(6) The investment does not afford the foreign person any of the access, rights, or involvement specified in the definition of “covered investment.”

Real Estate Transactions

The final rule significantly expands CFIUS’s jurisdiction to include certain real estate transactions involving foreign persons when the U.S. real estate is either (1) located within, or will function as part of, an airport or maritime port, or (2) in close proximity to a U.S. military installation or another U.S. government facility or property that is sensitive for reasons relating to national security. Although CFIUS has reviewed and even opposed a number of transactions involving real estate prior to the final rule, the expansion of CFIUS’s jurisdiction is significant because it allows CFIUS to review real estate transactions even where the transaction does not involve a foreign investment in a U.S. business.

The final rule defines “covered real estate transactions” to include any purchase or lease by, or concession to, a foreign person of any “covered real estate” (discussed in greater detail below) that affords the foreign person at least three of the following four property rights:

  • The right to physically access the real estate;
  • The right to exclude others from physical access to the real estate;
  • The right to improve or develop the real estate; or
  • The right to attach fixed or immovable structures or objects to the real estate.

Covered real estate transactions also include any “change in the rights that a foreign person has with respect to covered real estate in which the foreign person has an ownership or leasehold interest or concession arrangement” if that change could result in the foreign person having at least three of these property rights. A “concession” refers to “an arrangement, other than a purchase or lease, whereby a U.S. public entity grants a right to use real estate for the purpose of developing or operating infrastructure for a covered port.”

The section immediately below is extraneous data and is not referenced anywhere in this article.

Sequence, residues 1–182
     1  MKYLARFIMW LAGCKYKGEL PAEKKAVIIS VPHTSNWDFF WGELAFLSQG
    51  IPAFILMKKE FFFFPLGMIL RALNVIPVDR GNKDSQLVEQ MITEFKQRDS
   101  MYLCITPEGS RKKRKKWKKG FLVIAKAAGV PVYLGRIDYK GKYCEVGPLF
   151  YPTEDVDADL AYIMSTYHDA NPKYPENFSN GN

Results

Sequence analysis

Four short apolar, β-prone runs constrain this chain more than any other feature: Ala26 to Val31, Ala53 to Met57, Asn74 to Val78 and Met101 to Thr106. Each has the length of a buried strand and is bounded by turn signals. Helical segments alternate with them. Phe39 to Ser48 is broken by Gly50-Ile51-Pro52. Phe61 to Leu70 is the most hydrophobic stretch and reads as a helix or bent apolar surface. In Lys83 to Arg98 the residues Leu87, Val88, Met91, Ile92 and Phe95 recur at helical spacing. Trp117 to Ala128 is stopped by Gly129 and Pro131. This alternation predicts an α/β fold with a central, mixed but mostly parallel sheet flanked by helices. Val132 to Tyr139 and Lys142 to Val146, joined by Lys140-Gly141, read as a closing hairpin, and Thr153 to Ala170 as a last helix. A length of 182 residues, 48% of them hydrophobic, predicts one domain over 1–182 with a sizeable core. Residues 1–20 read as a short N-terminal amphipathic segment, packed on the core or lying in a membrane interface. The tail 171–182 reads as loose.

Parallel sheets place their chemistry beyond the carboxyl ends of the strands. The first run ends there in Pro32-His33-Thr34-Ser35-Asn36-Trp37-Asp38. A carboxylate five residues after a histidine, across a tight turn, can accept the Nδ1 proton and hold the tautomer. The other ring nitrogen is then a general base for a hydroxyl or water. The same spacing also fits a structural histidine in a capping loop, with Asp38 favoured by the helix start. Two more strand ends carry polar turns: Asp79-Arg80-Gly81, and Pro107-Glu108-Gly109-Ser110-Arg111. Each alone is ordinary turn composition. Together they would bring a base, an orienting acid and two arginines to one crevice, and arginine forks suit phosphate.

The rule defines “covered real estate” to include real estate that is either (1) located within, or will function as part of, a “covered port” as identified by the Department of Transportation or (2) located within a specified geographic range of certain military installations and other U.S. government facilities or properties that are sensitive for national security reasons. To assist parties in determining whether real estate falls within the latter category, the names and locations of the relevant military installations are listed in an appendix to the rule.

The applicable geographic ranges are as follows:

  • Within one mile of any military installation or another facility or property of the U.S. government identified in part 1 or part 2 of the appendix;
  • Within 100 miles of the Army combat training centers; major range and test facility base activities; and military ranges owned by the U.S. Navy or U.S. Air Force, or joint forces training centers located in certain states as identified in part 2 of the appendix;
  • Within the same county or other geographic area of the active Air Force ballistic missile fields identified in part 3 of the appendix; and
  • Within any part of U.S. Navy offshore range complexes and offshore operating areas identified in part 4 of the appendix within the limits of the “territorial sea” of the United States.